Volume and Pressure: Boyle’s Law

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Volume and Pressure: Boyle’s Law (OpenStax Chemistry 2e)

If we partially fill an airtight syringe with air, the syringe contains a specific amount of air at constant temperature, say 25 °C. If we slowly push in the plunger while keeping temperature constant, the gas in the syringe is compressed into a smaller volume and its pressure increases; if we pull out the plunger, the volume increases and the pressure decreases. This example of the effect of volume on the pressure of a given amount of a confined gas is true in general. Decreasing the volume of a contained gas will increase its pressure, and increasing its volume will decrease its pressure. In fact, if the volume increases by a certain factor, the pressure decreases by the same factor, and vice versa. Volume-pressure data for an air sample at room temperature are graphed in Figure 1.

Unlike the PT and VT relationships, pressure and volume are not directly proportional to each other. Instead, P and V exhibit inverse proportionality: Increasing the pressure results in a decrease of the volume of the gas. Mathematically this can be written:

with k being a constant. Graphically, this relationship is shown by the straight line that results when plotting the inverse of the pressure (1/P) versus the volume (V), or the inverse of volume (1/V)versus the pressure (P). Graphs with curved lines are difficult to read accurately at low or high values of the variables, and they are more difficult to use in fitting theoretical equations and parameters to experimental data. For those reasons, scientists often try to find a way to “linearize” their data. If we plot P versus V, we obtain a hyperbola.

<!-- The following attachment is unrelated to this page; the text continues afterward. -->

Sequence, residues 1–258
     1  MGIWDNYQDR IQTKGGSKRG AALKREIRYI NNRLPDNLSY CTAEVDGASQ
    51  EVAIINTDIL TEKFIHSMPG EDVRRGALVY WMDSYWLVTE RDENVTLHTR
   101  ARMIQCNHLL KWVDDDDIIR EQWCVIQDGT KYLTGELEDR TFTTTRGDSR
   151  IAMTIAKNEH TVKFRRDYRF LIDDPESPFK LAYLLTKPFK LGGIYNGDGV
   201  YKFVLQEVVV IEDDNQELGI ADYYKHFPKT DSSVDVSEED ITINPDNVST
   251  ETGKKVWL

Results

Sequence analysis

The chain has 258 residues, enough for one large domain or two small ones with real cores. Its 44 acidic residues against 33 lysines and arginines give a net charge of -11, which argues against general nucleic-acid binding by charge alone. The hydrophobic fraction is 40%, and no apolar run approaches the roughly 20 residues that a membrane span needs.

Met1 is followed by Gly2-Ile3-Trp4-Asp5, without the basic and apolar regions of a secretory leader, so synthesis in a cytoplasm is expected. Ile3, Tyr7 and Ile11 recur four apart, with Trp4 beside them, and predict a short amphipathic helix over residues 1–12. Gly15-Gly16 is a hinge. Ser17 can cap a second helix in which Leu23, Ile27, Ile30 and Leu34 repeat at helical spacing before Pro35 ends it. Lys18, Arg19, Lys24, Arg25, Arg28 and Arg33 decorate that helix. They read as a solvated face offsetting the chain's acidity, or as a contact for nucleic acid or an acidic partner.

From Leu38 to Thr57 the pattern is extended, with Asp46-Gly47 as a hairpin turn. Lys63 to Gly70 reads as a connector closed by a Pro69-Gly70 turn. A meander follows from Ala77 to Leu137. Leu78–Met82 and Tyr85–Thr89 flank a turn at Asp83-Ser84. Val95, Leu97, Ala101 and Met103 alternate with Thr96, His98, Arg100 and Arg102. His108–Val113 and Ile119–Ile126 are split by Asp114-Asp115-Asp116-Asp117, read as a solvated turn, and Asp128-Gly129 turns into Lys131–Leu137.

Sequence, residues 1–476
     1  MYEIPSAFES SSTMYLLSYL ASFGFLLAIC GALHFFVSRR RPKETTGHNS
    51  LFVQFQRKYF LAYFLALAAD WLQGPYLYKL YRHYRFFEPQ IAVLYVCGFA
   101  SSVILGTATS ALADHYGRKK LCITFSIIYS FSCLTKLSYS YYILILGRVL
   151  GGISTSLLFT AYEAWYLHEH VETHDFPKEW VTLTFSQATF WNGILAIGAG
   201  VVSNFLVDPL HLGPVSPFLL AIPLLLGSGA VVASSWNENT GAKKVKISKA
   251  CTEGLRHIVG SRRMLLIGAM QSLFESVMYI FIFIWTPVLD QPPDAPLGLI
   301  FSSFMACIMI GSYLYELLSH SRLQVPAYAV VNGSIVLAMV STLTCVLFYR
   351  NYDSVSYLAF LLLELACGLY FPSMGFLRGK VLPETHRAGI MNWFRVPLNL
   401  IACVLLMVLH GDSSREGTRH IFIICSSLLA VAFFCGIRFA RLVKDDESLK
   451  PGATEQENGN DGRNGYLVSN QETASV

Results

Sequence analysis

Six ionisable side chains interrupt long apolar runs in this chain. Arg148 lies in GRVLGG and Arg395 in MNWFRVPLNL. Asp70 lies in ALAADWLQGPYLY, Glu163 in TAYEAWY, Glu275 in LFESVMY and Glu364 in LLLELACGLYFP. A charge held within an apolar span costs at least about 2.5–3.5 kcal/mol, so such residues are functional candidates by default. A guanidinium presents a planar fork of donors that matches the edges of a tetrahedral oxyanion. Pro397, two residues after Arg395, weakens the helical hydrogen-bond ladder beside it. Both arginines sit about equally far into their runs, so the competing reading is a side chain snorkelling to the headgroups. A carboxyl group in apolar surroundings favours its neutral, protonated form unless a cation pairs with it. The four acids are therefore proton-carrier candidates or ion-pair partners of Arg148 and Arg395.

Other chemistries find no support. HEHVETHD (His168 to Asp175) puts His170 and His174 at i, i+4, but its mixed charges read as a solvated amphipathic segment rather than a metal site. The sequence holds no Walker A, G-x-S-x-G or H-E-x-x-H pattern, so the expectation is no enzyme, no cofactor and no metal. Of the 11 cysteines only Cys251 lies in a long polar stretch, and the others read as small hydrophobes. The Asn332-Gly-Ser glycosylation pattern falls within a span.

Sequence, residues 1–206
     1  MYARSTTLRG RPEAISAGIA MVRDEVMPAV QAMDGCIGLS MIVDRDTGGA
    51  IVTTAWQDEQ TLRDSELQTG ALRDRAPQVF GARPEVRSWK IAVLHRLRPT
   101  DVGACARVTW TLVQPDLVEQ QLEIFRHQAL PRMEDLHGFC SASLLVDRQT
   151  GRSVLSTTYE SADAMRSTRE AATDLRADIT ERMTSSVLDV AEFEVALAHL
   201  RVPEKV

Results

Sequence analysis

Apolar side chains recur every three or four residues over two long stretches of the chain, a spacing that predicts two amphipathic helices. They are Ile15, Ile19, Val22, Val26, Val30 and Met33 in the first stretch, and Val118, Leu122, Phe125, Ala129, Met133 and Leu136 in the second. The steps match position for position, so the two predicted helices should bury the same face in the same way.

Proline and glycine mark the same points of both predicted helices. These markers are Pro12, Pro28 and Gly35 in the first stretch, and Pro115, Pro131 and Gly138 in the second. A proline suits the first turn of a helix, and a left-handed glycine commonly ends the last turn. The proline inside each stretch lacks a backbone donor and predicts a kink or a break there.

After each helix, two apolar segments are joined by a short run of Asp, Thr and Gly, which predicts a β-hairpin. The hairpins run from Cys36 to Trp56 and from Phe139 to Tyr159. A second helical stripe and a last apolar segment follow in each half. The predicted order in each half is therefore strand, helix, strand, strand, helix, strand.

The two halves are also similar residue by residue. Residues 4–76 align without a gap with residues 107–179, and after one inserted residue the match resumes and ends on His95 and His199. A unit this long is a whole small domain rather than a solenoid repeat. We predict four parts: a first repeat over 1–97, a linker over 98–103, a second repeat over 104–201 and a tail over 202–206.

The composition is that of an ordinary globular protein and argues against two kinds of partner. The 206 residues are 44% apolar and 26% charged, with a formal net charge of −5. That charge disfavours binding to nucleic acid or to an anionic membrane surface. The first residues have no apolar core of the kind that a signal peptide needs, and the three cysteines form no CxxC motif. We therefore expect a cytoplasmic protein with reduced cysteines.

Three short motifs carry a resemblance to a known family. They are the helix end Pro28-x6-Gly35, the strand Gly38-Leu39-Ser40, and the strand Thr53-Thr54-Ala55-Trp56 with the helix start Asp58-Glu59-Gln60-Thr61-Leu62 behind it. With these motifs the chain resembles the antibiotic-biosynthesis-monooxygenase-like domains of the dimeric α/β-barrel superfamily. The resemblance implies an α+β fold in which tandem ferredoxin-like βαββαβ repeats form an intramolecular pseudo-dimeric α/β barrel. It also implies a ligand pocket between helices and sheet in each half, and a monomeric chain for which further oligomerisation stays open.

The relationship between the volume and pressure of a given amount of gas at constant temperature was first published by the English natural philosopher Robert Boyle over 300 years ago. It is summarized in the statement now known as Boyle’s law: The volume of a given amount of gas held at constant temperature is inversely proportional to the pressure under which it is measured.

Source:

Flowers, P., Theopold, K., Langley, R., & Robinson, W. R. (2019, February 14). Chemistry 2e. Houston, Texas: OpenStax. Access for free at: https://openstax.org/books/chemistry-2e

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